A slim, suggestive, seafaring fable introduces the Icelandic author to America.
Something of an Icelandic Renaissance man (From the Mouth of the Whale, 2011, etc.), the novelist, poet and playwright has also collaborated with multimedia musical artist Björk (and earned an Oscar nomination in the process). The first American publication of this 2005 novel (which was honored as that year’s Best Icelandic Novel in his homeland) will likely attract a broader readership to an author revered by peers including David Mitchell and Junot Díaz. It leaps across centuries, blurs the line between myth and reality, and features a shape-shifting storyteller who was once a girl and then a gull before becoming a seaman. Yet, he isn’t the narrator, but the teller of one of the stories within the story, which is related by the fictional author of Memoirs of a Herring Inspector, an aged gentleman devoted to his “chief preoccupation, the link between fish consumption and the superiority of the Nordic race.” In 1949, his theories somehow lead to an invitation to voyage on a merchant ship, where he discovers to his consternation that the meals are rarely fish, but more often something like “horse sausage with mashed potatoes and white sauce,” and where each evening features stories from the aforementioned seaman, who finds inspiration in a sliver of wood (which later stirs the loins of the novel’s narrator and serves to link the storytelling impulse with the sexual urge). His tales concern Jason and the Argonauts, a mythical adventure that the storyteller apparently experienced firsthand. Amid theories about how man evolved from fish, dreams that make implausible stories seem even more far-fetched and the narrator’s realization of “the crew members’ tendency to behave as if everything I said was incomprehensible,” the narrative proceeds to a climax in which reality (fictional or otherwise) collapses in upon itself.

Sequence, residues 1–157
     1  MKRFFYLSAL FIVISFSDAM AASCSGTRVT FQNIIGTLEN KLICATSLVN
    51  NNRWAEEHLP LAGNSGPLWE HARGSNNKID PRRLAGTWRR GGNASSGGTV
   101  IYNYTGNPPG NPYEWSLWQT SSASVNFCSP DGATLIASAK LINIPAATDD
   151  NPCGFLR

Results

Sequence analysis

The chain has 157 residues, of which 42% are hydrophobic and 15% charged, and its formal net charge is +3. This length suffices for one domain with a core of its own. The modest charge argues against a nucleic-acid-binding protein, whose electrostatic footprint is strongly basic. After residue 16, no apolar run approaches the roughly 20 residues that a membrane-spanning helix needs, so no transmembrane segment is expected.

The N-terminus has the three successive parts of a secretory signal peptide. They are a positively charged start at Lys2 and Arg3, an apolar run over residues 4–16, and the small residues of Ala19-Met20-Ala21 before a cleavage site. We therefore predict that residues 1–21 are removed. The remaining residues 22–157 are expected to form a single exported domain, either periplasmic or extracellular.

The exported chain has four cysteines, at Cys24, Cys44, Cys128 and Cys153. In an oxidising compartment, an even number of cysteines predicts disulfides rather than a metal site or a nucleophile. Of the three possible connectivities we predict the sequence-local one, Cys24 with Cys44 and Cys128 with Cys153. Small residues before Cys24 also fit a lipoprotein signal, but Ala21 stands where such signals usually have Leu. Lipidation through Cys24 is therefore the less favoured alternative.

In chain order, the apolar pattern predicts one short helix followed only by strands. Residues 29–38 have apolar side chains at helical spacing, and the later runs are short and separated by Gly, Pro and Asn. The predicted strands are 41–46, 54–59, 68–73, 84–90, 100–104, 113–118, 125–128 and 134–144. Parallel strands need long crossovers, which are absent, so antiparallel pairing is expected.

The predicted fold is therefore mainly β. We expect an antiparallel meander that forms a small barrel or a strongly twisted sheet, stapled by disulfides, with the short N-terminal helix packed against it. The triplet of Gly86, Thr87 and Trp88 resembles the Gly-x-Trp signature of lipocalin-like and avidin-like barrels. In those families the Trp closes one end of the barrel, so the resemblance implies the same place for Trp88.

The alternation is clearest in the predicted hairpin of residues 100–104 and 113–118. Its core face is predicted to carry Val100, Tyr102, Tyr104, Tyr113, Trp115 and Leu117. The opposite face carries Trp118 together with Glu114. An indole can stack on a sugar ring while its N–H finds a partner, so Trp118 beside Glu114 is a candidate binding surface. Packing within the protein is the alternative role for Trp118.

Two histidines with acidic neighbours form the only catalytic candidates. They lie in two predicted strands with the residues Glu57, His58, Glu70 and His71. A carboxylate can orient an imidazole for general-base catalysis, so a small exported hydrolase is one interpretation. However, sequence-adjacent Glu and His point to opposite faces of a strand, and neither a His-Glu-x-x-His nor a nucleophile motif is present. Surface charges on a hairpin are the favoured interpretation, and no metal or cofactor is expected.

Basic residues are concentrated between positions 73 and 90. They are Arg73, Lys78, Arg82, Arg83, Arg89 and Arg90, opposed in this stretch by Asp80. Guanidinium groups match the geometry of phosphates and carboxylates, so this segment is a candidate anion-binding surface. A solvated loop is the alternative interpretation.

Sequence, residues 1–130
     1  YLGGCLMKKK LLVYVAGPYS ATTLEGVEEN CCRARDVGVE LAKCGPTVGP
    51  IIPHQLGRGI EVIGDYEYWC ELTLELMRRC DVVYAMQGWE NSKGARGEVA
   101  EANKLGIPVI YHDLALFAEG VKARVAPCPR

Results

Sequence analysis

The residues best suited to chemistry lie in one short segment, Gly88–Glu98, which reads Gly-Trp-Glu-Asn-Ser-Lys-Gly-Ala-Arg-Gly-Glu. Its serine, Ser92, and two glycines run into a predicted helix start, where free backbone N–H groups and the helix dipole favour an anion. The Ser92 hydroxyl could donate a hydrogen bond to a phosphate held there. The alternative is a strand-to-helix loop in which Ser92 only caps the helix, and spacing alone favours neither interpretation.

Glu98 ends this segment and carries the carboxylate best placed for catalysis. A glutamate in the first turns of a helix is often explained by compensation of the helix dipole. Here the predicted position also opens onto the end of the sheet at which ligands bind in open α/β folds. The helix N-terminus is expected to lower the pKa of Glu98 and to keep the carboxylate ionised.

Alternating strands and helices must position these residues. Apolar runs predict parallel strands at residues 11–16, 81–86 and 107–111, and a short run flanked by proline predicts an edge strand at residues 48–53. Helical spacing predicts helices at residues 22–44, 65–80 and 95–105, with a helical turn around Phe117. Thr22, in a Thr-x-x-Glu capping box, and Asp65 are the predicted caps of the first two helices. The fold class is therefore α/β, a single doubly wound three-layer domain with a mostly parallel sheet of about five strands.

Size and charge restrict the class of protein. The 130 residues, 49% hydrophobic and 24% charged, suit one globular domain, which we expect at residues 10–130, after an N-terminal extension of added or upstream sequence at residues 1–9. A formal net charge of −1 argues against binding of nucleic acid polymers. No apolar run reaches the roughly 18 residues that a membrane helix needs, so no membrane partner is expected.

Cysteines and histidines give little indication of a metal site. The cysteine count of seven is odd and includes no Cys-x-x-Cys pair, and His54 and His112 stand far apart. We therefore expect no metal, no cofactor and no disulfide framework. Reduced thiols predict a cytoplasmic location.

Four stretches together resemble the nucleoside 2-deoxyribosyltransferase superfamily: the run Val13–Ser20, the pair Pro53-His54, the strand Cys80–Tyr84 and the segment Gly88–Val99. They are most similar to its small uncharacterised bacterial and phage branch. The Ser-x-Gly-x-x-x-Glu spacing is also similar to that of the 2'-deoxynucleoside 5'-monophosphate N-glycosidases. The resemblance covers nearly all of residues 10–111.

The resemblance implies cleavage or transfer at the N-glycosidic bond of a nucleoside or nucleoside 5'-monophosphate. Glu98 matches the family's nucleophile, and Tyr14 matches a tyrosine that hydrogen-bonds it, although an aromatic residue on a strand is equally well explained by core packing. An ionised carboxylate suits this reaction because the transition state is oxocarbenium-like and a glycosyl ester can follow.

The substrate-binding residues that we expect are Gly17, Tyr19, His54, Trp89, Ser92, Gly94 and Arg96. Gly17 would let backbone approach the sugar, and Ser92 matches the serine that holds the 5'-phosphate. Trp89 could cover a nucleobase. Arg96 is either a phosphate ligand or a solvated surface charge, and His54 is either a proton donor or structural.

Metafictive, multilayered storytelling. But the book may leave many readers wondering what the point is.